Saturday, November 24, 2012

Book Review: Wings

Author: Aprilynne Pike
Title: Wings
Description: One day Laurel discovers a lump on her back. A few days more and the lump has … sprouted? Sure enough, she appears to be blossoming wing-like appendages. It’s hard enough to be the new kid in high school without turning into a freak, so she hides the wings from everyone but her new friend David. Soon enough other mystical occurrences leave her wondering about her identity, her parents, and her destiny.  
Review source: kindle book was free on Amazon at one point.
Plot: This book has one of those odd plots where two separate books seem to be stitched together. Book #1 (first half) is the coming-of-age novel. “oh, what is happening to me? Flowers are growing from my back. I am a freakazoid.” Book#2 is a non-stop action novel. “My father will die if I don’t escape from these bad guys, save both my friends’ lives, and rush this healing potion to him by sunrise.”
Characters: The book is a love triangle, with Laurel, David, and Tamani, the mysterious fellow Laurel meets at her family’s old homestead. These characters are all engaging, though the secondary characters—even the bad guys—are pretty forgettable.
Writing style: Not much stands out except the constant agonizing over which boy is right for me. Curse you Twilight and Hunger Games!
Audience: YA girls.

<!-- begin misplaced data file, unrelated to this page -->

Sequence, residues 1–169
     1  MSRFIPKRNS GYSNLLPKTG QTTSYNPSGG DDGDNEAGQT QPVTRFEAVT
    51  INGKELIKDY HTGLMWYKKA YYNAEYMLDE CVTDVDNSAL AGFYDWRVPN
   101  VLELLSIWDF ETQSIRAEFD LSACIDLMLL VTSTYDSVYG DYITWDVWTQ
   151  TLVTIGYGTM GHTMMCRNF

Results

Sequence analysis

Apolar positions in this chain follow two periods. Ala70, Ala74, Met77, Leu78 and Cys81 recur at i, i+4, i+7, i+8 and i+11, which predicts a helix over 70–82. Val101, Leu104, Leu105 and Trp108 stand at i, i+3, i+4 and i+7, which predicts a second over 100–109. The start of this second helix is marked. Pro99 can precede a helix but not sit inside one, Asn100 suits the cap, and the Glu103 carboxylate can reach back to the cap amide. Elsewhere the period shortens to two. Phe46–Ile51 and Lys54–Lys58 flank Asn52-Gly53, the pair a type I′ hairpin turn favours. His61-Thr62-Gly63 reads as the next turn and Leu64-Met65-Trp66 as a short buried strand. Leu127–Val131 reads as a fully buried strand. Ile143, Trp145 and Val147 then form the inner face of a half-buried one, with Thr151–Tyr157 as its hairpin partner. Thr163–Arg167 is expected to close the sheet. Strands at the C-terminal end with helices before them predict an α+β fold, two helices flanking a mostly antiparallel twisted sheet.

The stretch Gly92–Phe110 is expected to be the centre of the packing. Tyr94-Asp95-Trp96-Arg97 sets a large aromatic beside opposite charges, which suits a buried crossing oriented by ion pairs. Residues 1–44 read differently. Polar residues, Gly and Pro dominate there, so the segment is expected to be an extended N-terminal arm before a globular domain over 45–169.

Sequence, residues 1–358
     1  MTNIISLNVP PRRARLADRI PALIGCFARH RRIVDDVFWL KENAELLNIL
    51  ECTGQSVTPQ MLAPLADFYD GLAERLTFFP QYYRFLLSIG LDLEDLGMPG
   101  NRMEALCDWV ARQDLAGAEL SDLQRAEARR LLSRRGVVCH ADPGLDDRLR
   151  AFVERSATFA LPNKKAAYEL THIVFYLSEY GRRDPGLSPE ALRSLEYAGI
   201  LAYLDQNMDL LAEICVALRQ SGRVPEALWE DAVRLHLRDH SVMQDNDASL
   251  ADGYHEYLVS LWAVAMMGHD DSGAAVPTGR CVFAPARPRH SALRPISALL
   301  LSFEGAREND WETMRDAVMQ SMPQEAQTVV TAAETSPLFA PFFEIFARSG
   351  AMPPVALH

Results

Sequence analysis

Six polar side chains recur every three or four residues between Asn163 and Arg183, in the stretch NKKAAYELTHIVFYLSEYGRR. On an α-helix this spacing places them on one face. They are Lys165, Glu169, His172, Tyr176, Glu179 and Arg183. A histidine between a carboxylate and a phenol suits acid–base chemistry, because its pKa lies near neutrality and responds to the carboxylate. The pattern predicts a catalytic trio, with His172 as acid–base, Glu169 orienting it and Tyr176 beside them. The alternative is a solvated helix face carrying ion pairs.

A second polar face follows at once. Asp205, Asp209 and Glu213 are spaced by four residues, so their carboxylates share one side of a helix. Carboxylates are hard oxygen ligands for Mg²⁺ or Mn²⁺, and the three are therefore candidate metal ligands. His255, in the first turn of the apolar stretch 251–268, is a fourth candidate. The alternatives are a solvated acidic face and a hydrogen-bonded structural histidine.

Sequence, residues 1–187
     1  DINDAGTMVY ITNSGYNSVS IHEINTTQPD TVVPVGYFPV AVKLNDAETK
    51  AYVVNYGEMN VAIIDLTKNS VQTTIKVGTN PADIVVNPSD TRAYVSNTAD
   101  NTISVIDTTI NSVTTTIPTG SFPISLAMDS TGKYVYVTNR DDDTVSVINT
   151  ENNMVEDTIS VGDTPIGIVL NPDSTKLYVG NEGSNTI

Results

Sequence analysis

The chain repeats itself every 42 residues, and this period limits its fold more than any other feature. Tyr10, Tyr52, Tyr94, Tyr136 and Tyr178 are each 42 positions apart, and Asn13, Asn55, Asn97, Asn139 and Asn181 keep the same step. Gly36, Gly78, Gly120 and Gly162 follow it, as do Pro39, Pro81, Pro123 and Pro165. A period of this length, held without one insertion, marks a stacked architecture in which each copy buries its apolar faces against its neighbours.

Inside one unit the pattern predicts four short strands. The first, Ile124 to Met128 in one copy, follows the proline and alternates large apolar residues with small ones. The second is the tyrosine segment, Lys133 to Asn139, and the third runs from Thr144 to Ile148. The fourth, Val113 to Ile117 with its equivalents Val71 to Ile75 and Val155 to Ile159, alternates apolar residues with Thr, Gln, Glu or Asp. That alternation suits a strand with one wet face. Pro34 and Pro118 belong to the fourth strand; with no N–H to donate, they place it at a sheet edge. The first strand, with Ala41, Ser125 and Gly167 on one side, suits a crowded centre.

Wrap-up: I seem to have been reading a lot of YA recently, considering that it’s not one of those genres I tend to go after. I always feel sorry for those genres, since I never know how much I’m giving stars to the book vs. taking stars away for the genre. Anyway, enough agonizing. A pleasant enough 3/5*.

Thursday, November 22, 2012

Book Review: Be Amazing

Author: Maggie Koerth-Baker 
Title: Be Amazing: Glow in the Dark, Control the Weather, Perform Your Own Surgery, Get Out of Jury Duty, Identify a Witch
Description: Published by Mental Floss, that magazine of really smart trivia that totally scratches my itch to know bizarre facts about everything under the sun. This book is a collection of short (generally 2 pages) accounts of little known facts under the guise of teaching you how to do them. For example, in order to perform your own surgery, you need: one pocketknife, intestinal fortitude. That sort of thing.